Enhance Availability with Oracle Fast Application Notification and Role-based Services

on October 1, 2013

With all this automation, we should be able to avoid all those dreaded late-night phone calls. However, although our job as DBA is covered by automating failovers, how does an application know that a database failover has occurred? With Oracle 11g Release 2, the Oracle Data Guard Broker had been enhanced to publish Fast Application Notification (FAN) events (via Oracle Notification Service, or ONS), allowing for clients to be notified in the event of a failover.

In addition, another new feature called Role-Based Services allows for applications to failover from a failed primary database to a designated standby with no user intervention and with little or no service interruption. We won’t go into the details of ONS and FAN here, rather we will describe how they can be used within an Oracle Data Guard Broker configuration to provide seamless failover of the application when a database failover has occurred.

When in an Oracle Data Guard Broker configuration, the broker will publish FAN events when a failover occurs. Oracle Java Database Connectivity (JDBC), Oracle Call Interface (OCI), or Oracle Data Provider for .NET (ODP.NET) clients can subscribe to these FAN events, allowing the application to handle the failover of the database gracefully (Fast Connection Failover). The overall end result is the ability for a failover to take place at the database level without user intervention (no need for application server reconfigurations and/or restarts). It is true that you will have to “code” this into your application for full functionality, but the extra effort will truly prove to be worth it for those who require those 5 9s.

To take this one step further, Role-Based Services lets database services run on a designated database when that database is in a specific role. For example, if we wanted a service called myoltp (serving JDBC connections) to run on our primary database, we would define a role-based service on our primary system and standby system, specifying the database role with the –l PRIMARY option.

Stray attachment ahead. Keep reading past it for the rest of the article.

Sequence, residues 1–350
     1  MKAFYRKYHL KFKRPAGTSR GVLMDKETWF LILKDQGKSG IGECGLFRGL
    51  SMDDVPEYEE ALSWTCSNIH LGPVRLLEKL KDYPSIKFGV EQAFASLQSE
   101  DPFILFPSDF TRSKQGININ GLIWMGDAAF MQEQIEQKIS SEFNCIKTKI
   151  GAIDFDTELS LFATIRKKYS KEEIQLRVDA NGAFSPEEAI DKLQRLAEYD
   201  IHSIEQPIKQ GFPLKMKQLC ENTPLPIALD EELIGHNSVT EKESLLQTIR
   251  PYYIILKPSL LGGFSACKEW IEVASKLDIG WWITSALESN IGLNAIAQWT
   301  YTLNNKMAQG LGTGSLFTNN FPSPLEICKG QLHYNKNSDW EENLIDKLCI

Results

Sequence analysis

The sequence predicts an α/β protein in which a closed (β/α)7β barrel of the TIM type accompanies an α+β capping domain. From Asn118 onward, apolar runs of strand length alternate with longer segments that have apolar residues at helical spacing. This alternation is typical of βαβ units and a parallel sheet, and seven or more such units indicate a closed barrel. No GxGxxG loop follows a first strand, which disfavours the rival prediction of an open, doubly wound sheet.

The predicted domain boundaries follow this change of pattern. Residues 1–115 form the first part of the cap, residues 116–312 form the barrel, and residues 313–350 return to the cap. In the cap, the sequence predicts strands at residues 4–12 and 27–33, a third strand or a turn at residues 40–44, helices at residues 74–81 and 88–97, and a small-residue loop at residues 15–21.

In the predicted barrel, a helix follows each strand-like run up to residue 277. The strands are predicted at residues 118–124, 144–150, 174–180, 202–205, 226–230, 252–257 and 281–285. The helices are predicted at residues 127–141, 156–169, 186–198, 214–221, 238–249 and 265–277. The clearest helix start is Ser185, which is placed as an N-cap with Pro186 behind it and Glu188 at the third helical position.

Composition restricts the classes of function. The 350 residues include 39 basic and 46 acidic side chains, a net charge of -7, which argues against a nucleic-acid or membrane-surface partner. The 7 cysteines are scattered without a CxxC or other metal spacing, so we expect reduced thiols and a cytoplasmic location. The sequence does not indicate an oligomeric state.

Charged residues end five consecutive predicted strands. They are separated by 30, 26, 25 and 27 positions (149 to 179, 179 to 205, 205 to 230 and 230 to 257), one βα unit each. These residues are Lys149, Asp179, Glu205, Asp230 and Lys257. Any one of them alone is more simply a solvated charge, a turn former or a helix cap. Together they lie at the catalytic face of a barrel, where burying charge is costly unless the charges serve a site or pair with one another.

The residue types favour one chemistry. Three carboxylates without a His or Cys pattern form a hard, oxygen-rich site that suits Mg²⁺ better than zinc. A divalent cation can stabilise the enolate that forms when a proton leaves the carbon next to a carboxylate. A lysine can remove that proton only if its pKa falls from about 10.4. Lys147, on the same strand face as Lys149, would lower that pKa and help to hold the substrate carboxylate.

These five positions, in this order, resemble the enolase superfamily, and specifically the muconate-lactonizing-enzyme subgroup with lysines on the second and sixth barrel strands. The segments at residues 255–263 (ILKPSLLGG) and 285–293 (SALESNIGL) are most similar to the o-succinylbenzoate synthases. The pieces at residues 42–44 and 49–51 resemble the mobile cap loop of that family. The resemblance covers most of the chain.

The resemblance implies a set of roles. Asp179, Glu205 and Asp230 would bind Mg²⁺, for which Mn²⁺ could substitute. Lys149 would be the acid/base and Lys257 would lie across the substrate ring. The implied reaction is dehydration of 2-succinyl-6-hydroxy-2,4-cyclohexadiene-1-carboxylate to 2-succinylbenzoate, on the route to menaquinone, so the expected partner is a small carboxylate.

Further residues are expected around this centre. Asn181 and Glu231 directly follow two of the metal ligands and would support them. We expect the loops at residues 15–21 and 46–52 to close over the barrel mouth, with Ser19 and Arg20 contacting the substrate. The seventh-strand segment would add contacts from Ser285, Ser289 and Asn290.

Since JDBC-based connections are serviced by the myoltp service, Transparent Application Failover (TAF) has not been configured (as it should not be).

Here’s the configuration on a primary cluster:

   # srvctl add service -d pitt -r ”maadb1,maadb2” -s reporting -l

Here’s the configuration on a standby cluster:

   # srvctl add service -d cosp -r ”maadb1,maadb2” -s myoltp -l PRIMARY -q
    FALSE -e NONE -m NONE -w 0 -z 0


If the myoltp service is servicing ODP.NET or OCI client connections, we would want to enable subscription to AQ Notifications by specifying q TRUE.

Assuming that cosp is our current standby database, this service will be enabled on that database only when it is in the primary role. The current database role is stored in the OCR and automatically managed by the broker in such a configuration.

For those making use of the Oracle Active Data Guard option, Role-Based Services can be used to provide service functionality of read-only applications directed toward Real-Time Query–enabled standby databases. For demonstration purposes, assume that we want to create a service called reporting with TAF enabled for a ODP.NET application. This service will run only on our Real-Time Query standby database. To achieve our goal, we would perform the following:

On the primary cluster:

   # srvctl add service -d pitt -r ”maadb1,maadb2” -s reporting -l

On the standby cluster:

   # srvctl add service -d cosp -r ”maadb1,maadb2” -s myoltp -l

In addition to creating the service on both the primary and standby clusters, we must create the service definition on the primary database (it will not be running on the primary) to allow for the service definition to be propagated to the standby through Redo Apply. To do so, we would execute the following SQL statement on our primary database:

   SQL> EXECUTE DBMS_SERVICE.CREATE_SERVICE('reporting', 'reporting',

Keep in mind that if this reporting service were servicing JDBC connections, we would have set AQ Notifications (–q) to FALSE and set the TAF-related entries to none. For an example of JDBC-based services, see the earlier example for the myoltp service.

Given the fact that these are application design considerations, this is about as far as we are going to take this subject. After all, we are DBAs! However, this topic is definitely one that should be discussed with your application developers or application vendor, because it opens a new world of possibilities, such as zero downtime patching, zero downtime upgrades, and uninterrupted application availability in the event of a failover. With this feature fully integrated with Fast-Start Failover, we might be able to turn off our on-call phones at night, and we can finally get the 99.999 percent availability management has been begging for.

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